The pandemic popularized telecommuting, remote work, and the gig economy, but the evolution of work has been a topic for over a decade. As the economy recovers from the last few years, news of layoffs, downsizing, and restructuring dominate the headlines. As a result, companies are turning to freelancers to fill vacant positions to cut costs.
Miles Everson, CEO of MBO Partners shared, “We’ve reached an important inflection point in the American workforce, where workers not only desire to control their own careers, but businesses increasingly realize that accessing top talent and skills means needing to re-think how they structure their workforces, and that in order to be competitive, they must leverage independent professionals as part of this modern business model.”
5 Things to Keep in Mind When Considering Freelance Work
As a cleared worker, you’re more layoff-proof than most, but a freelance opportunity might sound intriguing. So, if you’re deciding between freelance work or keeping your 9-to-5 job, here are a few things to consider.
1. Flexibility vs. Stability
One of the biggest upsides to freelance work is the freedom. You choose the clients you work with and choose jobs based on your own interests. And with most freelance opportunities remote or requiring limited travel, you can work wherever you choose.
On the downside, you’re solely responsible for finding clients and managing your workload. If you don’t work, you don’t get paid. On the other hand, the steady paycheck and relative job security of a cleared full-time position offer stability.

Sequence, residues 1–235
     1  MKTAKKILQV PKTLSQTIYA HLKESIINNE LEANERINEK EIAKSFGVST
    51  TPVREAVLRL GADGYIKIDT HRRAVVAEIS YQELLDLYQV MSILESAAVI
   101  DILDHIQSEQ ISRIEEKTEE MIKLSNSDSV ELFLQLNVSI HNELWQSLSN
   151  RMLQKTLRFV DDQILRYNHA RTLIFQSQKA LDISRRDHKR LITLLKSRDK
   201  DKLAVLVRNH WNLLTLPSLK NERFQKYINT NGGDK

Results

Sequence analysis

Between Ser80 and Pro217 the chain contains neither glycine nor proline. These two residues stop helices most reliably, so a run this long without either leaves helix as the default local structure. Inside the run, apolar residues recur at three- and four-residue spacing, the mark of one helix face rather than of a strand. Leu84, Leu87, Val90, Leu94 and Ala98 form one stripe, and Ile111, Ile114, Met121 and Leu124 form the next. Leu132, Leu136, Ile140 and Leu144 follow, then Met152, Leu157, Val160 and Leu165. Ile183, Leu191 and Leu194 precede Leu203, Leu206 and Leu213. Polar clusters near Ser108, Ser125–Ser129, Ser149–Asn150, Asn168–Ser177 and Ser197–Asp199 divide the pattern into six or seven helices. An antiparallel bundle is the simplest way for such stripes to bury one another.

2. All About the Benjamins (And Benefits)
While many full-time cleared workers earn six-figure salaries, freelancers set their own prices, so there’s no cap on potential earnings. But, where 9 to 5ers have a fixed income, they receive full benefits. Employers don’t provide insurance, retirement 401ks, PTO, or fringe benefits (typically) to their independent contractors.
3. Growth Opportunities
Depending on where you work, many employers provide professional development opportunities and education reimbursement to advance their skills. And while freelancers must constantly keep up-to-date on the latest trends and data to stay relevant, obtaining certificates and attending trainings and conferences are all write-offs for their business.
4. Staying Connected
If your 9 to 5 job is in-person, and the freelance work you’re interested in is remote, the change in socialization will be the biggest hurdle you face (or rather, don’t face!). Not being in the same location as your coworkers might seem jarring initially, but with online platforms like ClearanceJobs, you can stay connected with other cleared workers. Because let’s face it, your dog doesn’t understand what you do!